I want to use a hall effect sensor to detect when a door is close or not; the sensor would be in the door frame, and a little permanent magnet would be on the door. However, I learned that the sensor I got is latching: at first it outputs 0, when I bring the magnet in the right direction it turns 1, and when I remove the magnet it stays 1.

For my project, I want the sensor to turn HIGH only when the magnet is close to the sensor. To solve this, I could probably get a different non-latching hall effect sensor, but I wanted to know if there was a way to do this with the current sensor I have.

I thought about using a 2nd magnet that would by default make the sensor output 0, but would not be powerful enough to compensate the field generated by the magnet on the door.

Better ideas? Is it worth it?

  • \$\begingroup\$ Why not just use a simple reed switch? \$\endgroup\$
    – Pentium100
    Feb 13, 2016 at 9:21
  • \$\begingroup\$ What happens when you remove power from it? Does it revert back to 0? \$\endgroup\$
    – Steve G
    Feb 13, 2016 at 10:18
  • \$\begingroup\$ Hall sensor just doesn't work as you described, it just detects magnetic field and it doesn't latch. \$\endgroup\$ Feb 13, 2016 at 10:41
  • \$\begingroup\$ @MarkoBuršič there are latching hall effect sensors. allegromicro.com/en/Design-Center/Technical-Documents/… \$\endgroup\$
    – Steve G
    Feb 13, 2016 at 10:43
  • 1
    \$\begingroup\$ @MarkoBuršič: See Melexis MLX92211-AxA 3-Wire Hall Effect Latch, page 1. "With latching magnetic characteristics, the output is turned low or high respectively with a sufficiently strong South or North pole facing the package top side. When removing the magnetic field, the device keeps its previous state." \$\endgroup\$
    – Transistor
    Feb 13, 2016 at 14:06

1 Answer 1


The document @SteveG linked describes the latching hall effect sensor as latching one value when it detects either a positive ("north") or negative ("south") field and switching to the other value only when it detects the opposite field. Your magnet has both north and south ends, so you should arrange for the magnet to pass north and south across the sensor in one direction when the door is closing and in the opposite direction when the door is opening. If the setup is N then S when the door is closing, and S then N when it is opening, then the sensor will output the latched S value when the door is closed and the latched N value when it is open. The magnet would have to be one where the N and S ends were separated by some distance, like a bar magnet. A disk magnet probably wouldn't work because it would be difficult to pass the N and S sides across the sensor in the manner described.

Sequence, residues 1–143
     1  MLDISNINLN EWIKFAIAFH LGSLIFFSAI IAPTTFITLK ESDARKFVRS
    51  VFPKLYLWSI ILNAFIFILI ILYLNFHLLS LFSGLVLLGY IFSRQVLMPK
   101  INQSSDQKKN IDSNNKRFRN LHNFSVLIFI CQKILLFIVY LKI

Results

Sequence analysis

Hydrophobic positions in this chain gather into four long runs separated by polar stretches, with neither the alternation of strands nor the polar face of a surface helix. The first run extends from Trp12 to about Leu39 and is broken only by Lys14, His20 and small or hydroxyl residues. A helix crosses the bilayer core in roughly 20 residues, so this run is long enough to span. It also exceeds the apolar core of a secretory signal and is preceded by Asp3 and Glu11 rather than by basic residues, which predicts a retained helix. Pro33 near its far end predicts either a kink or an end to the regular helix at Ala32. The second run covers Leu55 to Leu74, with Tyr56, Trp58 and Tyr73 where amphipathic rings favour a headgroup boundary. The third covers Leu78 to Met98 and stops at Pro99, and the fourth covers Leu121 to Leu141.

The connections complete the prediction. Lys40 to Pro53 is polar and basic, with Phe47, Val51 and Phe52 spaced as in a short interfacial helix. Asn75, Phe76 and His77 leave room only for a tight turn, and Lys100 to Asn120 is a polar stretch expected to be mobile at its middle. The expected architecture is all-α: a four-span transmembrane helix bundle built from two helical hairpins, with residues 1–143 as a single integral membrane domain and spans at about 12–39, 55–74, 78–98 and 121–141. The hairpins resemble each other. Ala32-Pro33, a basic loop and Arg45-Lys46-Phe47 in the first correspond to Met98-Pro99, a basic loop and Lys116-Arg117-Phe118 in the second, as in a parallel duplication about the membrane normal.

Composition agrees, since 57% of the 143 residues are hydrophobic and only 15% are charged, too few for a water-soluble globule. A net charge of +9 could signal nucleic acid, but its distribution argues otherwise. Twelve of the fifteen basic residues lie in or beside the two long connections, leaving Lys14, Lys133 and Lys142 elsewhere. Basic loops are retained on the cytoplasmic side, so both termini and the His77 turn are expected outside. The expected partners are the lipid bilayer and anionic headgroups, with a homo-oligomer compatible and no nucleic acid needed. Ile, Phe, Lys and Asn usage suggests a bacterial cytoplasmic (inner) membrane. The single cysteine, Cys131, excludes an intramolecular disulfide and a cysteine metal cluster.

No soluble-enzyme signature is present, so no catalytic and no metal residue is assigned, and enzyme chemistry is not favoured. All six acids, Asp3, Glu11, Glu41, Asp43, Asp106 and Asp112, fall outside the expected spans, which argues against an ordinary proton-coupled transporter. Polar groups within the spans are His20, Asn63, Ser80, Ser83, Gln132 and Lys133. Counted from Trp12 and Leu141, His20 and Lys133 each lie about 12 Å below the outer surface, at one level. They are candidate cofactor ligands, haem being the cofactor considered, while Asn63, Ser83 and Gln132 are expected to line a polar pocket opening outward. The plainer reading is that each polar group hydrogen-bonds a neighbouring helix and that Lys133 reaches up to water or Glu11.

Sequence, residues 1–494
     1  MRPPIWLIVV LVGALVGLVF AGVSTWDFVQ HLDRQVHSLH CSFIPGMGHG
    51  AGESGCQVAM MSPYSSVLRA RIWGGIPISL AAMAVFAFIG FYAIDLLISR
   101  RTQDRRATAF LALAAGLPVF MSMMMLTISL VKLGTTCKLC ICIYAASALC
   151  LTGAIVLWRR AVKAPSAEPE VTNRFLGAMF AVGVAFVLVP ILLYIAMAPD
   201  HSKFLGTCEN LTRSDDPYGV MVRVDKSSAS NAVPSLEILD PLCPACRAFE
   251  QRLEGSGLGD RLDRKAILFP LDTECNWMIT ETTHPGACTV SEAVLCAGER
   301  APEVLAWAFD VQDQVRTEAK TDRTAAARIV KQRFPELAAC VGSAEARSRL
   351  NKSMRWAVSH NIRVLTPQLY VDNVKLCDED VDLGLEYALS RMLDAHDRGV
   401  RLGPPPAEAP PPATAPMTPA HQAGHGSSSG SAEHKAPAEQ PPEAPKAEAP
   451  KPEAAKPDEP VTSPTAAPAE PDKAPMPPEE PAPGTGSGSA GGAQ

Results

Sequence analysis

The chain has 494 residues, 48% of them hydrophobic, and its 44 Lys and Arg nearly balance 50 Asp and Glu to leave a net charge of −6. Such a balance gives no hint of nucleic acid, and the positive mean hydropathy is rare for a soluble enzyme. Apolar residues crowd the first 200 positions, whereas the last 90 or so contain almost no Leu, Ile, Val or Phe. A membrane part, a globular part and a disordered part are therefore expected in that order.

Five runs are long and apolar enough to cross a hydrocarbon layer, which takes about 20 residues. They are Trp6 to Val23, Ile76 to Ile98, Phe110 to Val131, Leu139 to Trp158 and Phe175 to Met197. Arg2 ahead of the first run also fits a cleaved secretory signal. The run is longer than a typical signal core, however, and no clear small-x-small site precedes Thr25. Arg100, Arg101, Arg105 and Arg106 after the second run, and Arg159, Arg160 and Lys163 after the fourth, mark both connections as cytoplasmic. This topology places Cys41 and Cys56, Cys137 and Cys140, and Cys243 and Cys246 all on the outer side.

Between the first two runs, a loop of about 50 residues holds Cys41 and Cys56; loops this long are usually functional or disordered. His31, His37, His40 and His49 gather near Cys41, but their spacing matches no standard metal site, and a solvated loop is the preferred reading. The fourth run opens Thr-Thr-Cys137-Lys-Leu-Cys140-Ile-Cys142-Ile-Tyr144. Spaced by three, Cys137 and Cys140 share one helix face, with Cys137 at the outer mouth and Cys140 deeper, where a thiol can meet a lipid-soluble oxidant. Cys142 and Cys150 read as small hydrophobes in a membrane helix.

• \$\begingroup\$ yeah interesting idea. Might have a schema of it? I have a disk magnet, so the magnet has to be flat on the door' surface (otherwise it won't close). I'll test later anyway if your idea works. \$\endgroup\$
    – jonathanGB
    Feb 13, 2016 at 21:39
  • \$\begingroup\$ A disk magnet will have N on one side and S on the other, so I don't think you could set it up the way I've described. You'd need a bar magnet, I think. \$\endgroup\$ Feb 14, 2016 at 14:27
  • \$\begingroup\$ Ok yeah, makes sense. Could you edit your answer with that restriction and ill vote it. \$\endgroup\$
    – jonathanGB
    Feb 14, 2016 at 17:46
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    \$\begingroup\$ I'll do anything for a few reputation points! Done. \$\endgroup\$ Feb 14, 2016 at 19:24

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